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THE DISMAL SCIENCE REMAINS DISMAL

WHEN HRISTOS DOUCOULIAGOS was a young economist in the mid-1990s, he got interested in all the ways economics was wrong about itself—bias, underpowered research, statistical shenanigans. Nobody wanted to hear it. “I’d go to seminars and people would say, ‘You’ll never get this published,’” Doucouliagos, now at Deakin University in Australia, says. “They’d say, ‘this is bordering on libel.’”

Now, though? “The norms have changed,” Doucouliagos says. “People are interested in this, and interested in the science.” He should know—he’s one of the reasons why. In the October issue of the prestigious Economic Journal, a paper he co-authored is the centerpiece among a half-dozen papers on the topic of economics’ own private replication crisis, a variation of the one hitting disciplines from psychology to chemistry to neuroscience.

More here – Wired

How to beat the bookies by turning their odds against them

Mathematicians had already developed bookie-beating models that attempt to predict sporting outcomes, but they are hard to devise and don’t perform consistently. So Lisandro Kaunitz at the University of Tokyo and his colleagues tried a more direct approach: using the bookmakers’ odds against them.

The team studied data on nearly half a million football matches and the associated odds offered by 32 bookmakers between January 2005 and June 2015. For every game, the trio looked for odds that might yield a better return than the average offered by bookies – say, 5 to 1 versus a mean of 2 to 1.

Mean odds of 2 to 1 suggest the bookies collectively think this reflects fair odds for that outcome. But 5 to 1 offers higher returns should the outcome materialise. The team used the historical data to work out the optimal distance from the mean odds – the one that would give a positive payout for the largest number of games.

In a simulation, their strategy made a return of 3.5 per cent – beating random bets, which resulted in a loss of 3.32 per cent.

So the trio decided to try it in the real world. They developed an online tool to apply their odds-averaging formula to upcoming football matches. For five months, they placed $50 bets around 30 times a week.

It worked. The team made a profit of $957.50, or an 8.5 per cent return (arxiv.org/abs/1710.02824).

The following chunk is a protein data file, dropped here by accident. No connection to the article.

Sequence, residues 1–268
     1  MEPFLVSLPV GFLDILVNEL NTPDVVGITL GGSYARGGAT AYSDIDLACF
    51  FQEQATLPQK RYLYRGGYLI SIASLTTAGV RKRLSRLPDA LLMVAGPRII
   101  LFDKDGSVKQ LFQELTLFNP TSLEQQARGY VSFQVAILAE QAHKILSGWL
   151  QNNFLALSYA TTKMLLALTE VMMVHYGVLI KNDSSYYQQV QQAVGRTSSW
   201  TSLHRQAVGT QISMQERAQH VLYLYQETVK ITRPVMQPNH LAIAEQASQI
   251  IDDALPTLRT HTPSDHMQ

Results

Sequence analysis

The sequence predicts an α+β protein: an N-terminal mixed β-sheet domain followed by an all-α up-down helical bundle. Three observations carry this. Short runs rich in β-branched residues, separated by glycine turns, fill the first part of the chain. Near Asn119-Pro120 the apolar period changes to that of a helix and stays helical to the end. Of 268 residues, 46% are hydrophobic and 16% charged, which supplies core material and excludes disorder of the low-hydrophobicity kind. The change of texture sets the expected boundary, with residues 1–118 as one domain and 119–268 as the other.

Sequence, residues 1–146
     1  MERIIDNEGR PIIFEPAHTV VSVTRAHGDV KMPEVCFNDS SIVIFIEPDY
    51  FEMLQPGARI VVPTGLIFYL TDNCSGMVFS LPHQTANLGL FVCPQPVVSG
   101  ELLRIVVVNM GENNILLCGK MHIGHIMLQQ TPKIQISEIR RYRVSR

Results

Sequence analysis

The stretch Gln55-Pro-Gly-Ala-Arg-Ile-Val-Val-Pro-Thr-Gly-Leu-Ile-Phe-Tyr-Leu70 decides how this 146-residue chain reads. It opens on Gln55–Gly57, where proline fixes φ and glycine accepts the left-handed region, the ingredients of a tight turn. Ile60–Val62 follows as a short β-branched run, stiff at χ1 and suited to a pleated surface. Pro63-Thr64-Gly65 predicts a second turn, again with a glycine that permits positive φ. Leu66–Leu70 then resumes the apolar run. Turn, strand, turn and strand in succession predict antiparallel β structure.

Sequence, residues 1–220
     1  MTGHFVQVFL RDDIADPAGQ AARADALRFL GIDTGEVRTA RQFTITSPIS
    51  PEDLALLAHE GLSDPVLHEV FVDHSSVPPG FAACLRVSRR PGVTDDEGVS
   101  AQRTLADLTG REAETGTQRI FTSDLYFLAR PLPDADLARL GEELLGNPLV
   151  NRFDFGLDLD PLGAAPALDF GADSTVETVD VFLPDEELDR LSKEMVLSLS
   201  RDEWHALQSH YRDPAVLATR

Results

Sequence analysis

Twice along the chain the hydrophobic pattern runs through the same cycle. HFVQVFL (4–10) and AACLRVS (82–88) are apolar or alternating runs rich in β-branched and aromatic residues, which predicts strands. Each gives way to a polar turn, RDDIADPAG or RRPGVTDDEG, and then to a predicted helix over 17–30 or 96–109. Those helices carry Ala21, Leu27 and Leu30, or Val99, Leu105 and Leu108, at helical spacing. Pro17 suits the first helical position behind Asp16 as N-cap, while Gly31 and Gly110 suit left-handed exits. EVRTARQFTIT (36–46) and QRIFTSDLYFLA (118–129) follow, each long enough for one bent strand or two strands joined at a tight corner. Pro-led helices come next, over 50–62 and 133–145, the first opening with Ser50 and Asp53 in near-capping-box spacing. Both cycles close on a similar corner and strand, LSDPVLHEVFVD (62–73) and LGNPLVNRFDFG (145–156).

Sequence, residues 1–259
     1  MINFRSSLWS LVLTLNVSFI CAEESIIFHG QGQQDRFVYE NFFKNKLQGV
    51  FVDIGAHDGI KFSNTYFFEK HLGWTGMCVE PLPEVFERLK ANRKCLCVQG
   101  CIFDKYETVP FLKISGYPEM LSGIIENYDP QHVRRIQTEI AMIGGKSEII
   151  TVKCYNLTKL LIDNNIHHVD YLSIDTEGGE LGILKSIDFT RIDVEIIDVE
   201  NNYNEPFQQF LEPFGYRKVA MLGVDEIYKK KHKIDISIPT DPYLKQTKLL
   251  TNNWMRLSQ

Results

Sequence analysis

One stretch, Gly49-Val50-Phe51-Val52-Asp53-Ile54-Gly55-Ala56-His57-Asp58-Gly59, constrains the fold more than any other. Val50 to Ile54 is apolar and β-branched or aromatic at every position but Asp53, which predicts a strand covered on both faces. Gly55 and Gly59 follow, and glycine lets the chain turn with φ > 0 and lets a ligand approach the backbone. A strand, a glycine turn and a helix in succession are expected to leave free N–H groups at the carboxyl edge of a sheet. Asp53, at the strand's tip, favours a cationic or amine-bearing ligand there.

More here – New Scientist

The Ways We Con Ourselves

I support a particular hospital charity that each year or so runs a home lottery and every year I enter. To date I have won a digital camera, an iPod, an Apple TV, a tonne of chocolate, wine (brilliant for a non drinker but good for presents) and a host of other goodies. In fact I have never had a time when I have entered and not won something. Whilst my expectancy is not quite positive its not bad. If I were a newsagency that sold lottery tickets and I had this many winning entries bought via my store people would be clambering over me thinking there was something special about my store. One of the things we ignore in life is that we are subject to the same harsh statistics as everyone else – we have what I call the myth of individual specialness. Our basic narcisssim leads us to believe that the laws that apply to the universe don’t really apply to us, as a result we spend a lot of time fooling ourselves into think there is something special or magical about what we do.

My capacity to win this particular lottery has nothing to do with me other than the fact that I enter, I am simply subject to the laws of large numbers as is everyone else. If you get enough people doing the same thing over a long period time then the probable drifts into the realm of the inevitable. It is no wonder some people win the lottery twice. But because we are such poor natural statisticians this seems like magic to us and we ascribe some special quality to ourselves and this is apparently a well known phenomena in both lottery winners and those who have inherited wealth. They believe that something divine about themselves means that they were meant to win – they cannot accept that it was blind luck. My wife has a friend who received a very large inheritance from her parents, she has now divorced herself from all her friends of many decades because she believes that there is something superior about herself other than being the lucky  product of the sperm sprint derby that we all undergo. Sometimes you land in the right spot and sometimes you dont.